May 5, 2009

New Program Helps Doctors Spot Drug, Alcohol Abuse

A new program, backed by the National Institute on Drug Abuse, aims to guide health workers past the stigma of asking important patient questions about serious substance abuse problems. This ensures that more patients are asked for simple clues to addiction at every doctor's visit.

The program is a step-by-step computerized guide that takes patients' answers to various behavior questions, analyzes their risk for a serious substance use problem, and instructs doctors on what to do next.

Some in the health care industry say it's a huge irony that patients aren't asked about drugs and alcohol use, but go to the emergency room and you'll be asked about a tetanus shot, even though "most of us have never seen a case of tetanus," says Dr. Gail D'Onofrio, emergency medicine chief at Yale-New Haven Hospital.

Up to half of ER visits involve illegal drugs or alcohol, typically "we don't ask it. It makes no sense whatsoever," says D'Onofrio, who teaches new doctors to break that chain of silence.

The new program works like this, if a patient admits to experimenting with heroin then the doctor can ask a few more questions about how often, when, and if he felt cravings. The computerized guide estimates how big his risk is for ongoing drug use and what intervention is needed; it will also remind the doctor to administer an HIV and hepatitis test.

The NIDA says the goal is about getting substance abuse treatment for the 23 million Americans estimated to need it.

Last year, a government study discovered that some simple doctor steps such as brief in-office counseling or referral to a specialty center would help slash drug use by patients coaxed to come clean.

Doctors may have extra opportunities with users since studies suggest people with brewing drug or alcohol problems actually see the doctor more often than their sober counterparts.

"There are all sorts of people who are using alcohol, drugs, who are continuing to work and do their jobs and slowly spiraling down, who are not the hard-core users," says Dr. Brian Jack, a family medicine specialist at Boston University Medical School. "Those are people who are in the clinics every single day for all sorts of different things."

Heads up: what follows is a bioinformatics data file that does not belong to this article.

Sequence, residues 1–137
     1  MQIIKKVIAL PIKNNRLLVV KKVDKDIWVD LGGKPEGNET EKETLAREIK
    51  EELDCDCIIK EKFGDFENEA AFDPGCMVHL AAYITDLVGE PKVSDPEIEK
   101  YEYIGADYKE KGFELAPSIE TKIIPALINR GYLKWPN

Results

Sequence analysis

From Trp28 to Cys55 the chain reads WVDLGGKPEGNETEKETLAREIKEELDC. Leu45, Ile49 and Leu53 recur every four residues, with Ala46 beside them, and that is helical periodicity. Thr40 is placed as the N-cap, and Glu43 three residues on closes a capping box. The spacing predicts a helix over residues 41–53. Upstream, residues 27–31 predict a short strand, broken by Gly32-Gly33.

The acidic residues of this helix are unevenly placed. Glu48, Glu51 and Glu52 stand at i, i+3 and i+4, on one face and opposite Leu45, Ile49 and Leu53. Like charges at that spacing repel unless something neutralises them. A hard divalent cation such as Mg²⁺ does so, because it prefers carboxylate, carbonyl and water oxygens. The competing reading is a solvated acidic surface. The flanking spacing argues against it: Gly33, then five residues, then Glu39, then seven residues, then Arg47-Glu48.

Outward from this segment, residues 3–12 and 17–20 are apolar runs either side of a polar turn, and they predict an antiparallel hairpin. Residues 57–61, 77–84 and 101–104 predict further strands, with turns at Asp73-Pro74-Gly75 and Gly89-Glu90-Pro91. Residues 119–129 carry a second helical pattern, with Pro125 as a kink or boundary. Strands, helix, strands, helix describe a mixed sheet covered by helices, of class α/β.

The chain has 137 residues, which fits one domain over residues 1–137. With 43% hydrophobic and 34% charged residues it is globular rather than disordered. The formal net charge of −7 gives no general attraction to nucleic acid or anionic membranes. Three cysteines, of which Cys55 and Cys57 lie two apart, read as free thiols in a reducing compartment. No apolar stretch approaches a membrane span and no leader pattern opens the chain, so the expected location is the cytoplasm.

The American College of Obstetricians and Gynecologists in December urged its members to ask every patient about alcohol or drug use.

Top-level trauma centers must screen trauma patients as part of their accreditation, and the government adopted new insurance payment codes last year so doctors could bill for screening time.

The new federal program, called NIDAMED, aims to train doctors who are not familiar with addiction medicine to tell the difference between experimenting and abuse.

New York City officials said they're planning to incorporate NIDAMED into the health department's electronic medical records, enabling more than 1,000 providers in underserved parts of the city to use it.

The key to success, say doctors who routinely screen, is earning patients' trust and explaining they're not being judgmental.

"We're not the police," says D'Onofrio. Medical information is confidential.

"Get to know them as a person and treat them as a person, and care, frankly," adds Jack.


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